Go through occurrences

In the previous chapter, you saw an example that compounded the components of an address into a single string. This was accomplished using a basic loop and a path containing the bracket operator to retrieve a single occurrence of a node.

While this method works fine, it is very costly in terms of system resources. This is because the bracket operator is handled individually by the integration engine. As a result, when the integration engine comes to pick up the n th occurrence of a node, it does not remember that it just read the preceding (n‑1) th occurrence. Therefore, it restarts the search from the first. When processing large numbers of occurrences, this requires to a great number of operations.

The loop on statement instructs the integration engine to go through all existing occurrences of a specified node and perform some task for each one. You can translate the previous example using the more efficient loop on:

1   %address := "";
2   loop on \\address\lines
3   {
4       %address := %address + this + "\n";
5   };
6   %address := %address + \\address\zip + " "
7                        + \\address\city;
8   %address

In this example, line 2 tells the integration engine to go through all occurrences of \\address\lines node, one by one. For each occurrence, the set of statements contained between the curly brackets { } is evaluated.

In this set of statements, you can use the reserved word this to refer to the current occurrence: this is invoked in line 4 to append the contents of the current line to the address variable. The this keyword always starts a path to a node and cannot be filtered using either the brackets operator or where. However, paths starting with this can address any node in the Business Document: you can use the parent operator .., and single and double backslash connectors to move all around the node tree.

As with loops using loop and while instructions, you can invoke the next and break instructions inside a loop on statement. They operate by either jumping directly to the next occurrence or interrupting the loop. To ignore blank lines, you change the previous expression to:

1   %address := "";
2   loop on \\address\lines
3   {
4       if (length(this) < 1) then next;
5       %address := %address + this + "\n";
6   };
7   %address := %address + \\address\zip + " "
8                        + \\address\city;
9   %address

Another way to handle blank lines is to filter the lines directly in the loop on instruction argument. This works because the loop on instruction has the capacity to go through any set of occurrences of nodes addressed by any legal path. This means you can use paths that include where clauses or bracket operators, or that address from none to any occurrences. The previous example could look similar to this:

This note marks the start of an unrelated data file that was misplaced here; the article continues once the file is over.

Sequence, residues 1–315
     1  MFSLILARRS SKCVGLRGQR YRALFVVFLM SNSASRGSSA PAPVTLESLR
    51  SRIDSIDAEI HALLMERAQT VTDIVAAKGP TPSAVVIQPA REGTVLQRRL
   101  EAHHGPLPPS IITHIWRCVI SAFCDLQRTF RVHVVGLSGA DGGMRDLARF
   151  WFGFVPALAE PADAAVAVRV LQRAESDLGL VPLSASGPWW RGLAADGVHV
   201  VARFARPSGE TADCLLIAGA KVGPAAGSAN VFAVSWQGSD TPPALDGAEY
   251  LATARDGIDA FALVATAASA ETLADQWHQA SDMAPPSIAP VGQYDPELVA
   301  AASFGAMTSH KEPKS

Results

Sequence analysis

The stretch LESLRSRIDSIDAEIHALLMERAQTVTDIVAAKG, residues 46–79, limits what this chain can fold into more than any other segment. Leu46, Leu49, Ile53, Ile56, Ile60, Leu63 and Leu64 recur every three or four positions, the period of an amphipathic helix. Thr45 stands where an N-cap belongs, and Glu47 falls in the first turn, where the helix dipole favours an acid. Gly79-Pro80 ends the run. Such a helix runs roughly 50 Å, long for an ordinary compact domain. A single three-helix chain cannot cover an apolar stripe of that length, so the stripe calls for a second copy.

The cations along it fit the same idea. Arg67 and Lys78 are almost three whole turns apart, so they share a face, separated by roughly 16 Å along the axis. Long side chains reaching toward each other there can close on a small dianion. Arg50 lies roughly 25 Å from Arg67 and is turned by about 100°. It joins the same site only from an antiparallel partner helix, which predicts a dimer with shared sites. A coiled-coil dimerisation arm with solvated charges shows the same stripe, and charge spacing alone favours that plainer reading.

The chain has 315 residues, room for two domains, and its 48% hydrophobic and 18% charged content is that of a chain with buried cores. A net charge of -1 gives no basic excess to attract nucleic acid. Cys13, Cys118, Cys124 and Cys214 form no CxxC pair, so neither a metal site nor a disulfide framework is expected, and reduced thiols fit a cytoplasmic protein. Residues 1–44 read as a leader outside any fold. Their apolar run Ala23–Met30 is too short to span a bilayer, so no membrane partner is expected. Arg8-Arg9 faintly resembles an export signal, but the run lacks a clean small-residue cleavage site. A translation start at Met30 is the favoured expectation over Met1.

1   %address := "";
2   loop on \\address\lines[where length(item) <> 0]
3   {
4       %address := %address + this + "\n";
5   };
6   %address := %address + \\address\zip + " "
7                        + \\address\city;
8   %address

The set of statements bound to the loop on instruction is repeated only for each lines node that is not blank (length is not zero).

You can also use ambiguous paths. All the occurrences of all the addressed nodes are covered.

In EDIFACT/Invoice documents, segments appear in several segment groups (references, documentary requirements, currencies…). As a result, several nodes with the name DTM appear in the prebuilt EDIFACT Business Documents provided in the integration engine. If you want to perform an operation on all these segments, you can use loop on:

loop on \\DTM
{
   …
}

This statement first evaluates the enclosed set of statements for the DTM segments in the header of the EDIFACT document, then for the DTM segments of segment group 1, then for those of segment group 3… until the very last DTM segment of the document (segment group 51) has been covered.

In the set of statements bound to this loop on instruction, you can use this as a reference to the current DTM. Since all DTM segments have the same structure, a path similar to this\C507\D2005 always addresses something, whatever segment group the DTM segment is included in. However, a path similar to this\..\QTY cannot be used because only segment groups 1, 33 and 49 have both DTM and QTY segments.

When looping with ambiguous paths, the only requirement is to address nodes that exist. Even if each DTM segment has different structures, looping would be possible, although only paths to nodes that are common to all the DTMs would be legal.

The loop on statement can go through any set of occurrences. You can not only use a path to a single node or to several nodes (ambiguous paths), but also specify more multiple paths. Imagine you want to go through all CTA and COM segments within a Business Document. To do this you enter the following:

loop on \\CTA, \\COM
{
   …
}

This code goes through all occurrences of all CTA segments and then all occurrences of COM segments. In the repeated set of statements, this refers first to CTA nodes and then to COM nodes.

Similar to standard loops and while loops, loop on statements can include another loop inside the set of statements they repeat. In such a situation, the keyword this always refers to the inner loop.

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